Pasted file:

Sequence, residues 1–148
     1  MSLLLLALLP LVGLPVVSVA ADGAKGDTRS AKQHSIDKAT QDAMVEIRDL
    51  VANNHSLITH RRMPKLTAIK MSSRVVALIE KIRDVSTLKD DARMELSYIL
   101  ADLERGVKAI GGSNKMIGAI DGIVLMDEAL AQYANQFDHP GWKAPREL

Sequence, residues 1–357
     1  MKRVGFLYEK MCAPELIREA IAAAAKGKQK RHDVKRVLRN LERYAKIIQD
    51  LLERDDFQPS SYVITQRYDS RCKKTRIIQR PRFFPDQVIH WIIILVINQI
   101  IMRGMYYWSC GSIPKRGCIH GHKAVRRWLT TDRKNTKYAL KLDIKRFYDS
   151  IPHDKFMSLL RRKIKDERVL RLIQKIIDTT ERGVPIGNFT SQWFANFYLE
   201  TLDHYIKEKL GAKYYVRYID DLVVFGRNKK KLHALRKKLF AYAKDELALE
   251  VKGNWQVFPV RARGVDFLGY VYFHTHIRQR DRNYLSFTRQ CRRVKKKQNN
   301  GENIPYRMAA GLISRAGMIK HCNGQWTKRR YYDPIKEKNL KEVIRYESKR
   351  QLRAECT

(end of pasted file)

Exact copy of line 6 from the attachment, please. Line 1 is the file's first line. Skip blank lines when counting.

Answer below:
     1  MKRVGFLYEK MCAPELIREA IAAAAKGKQK RHDVKRVLRN LERYAKIIQD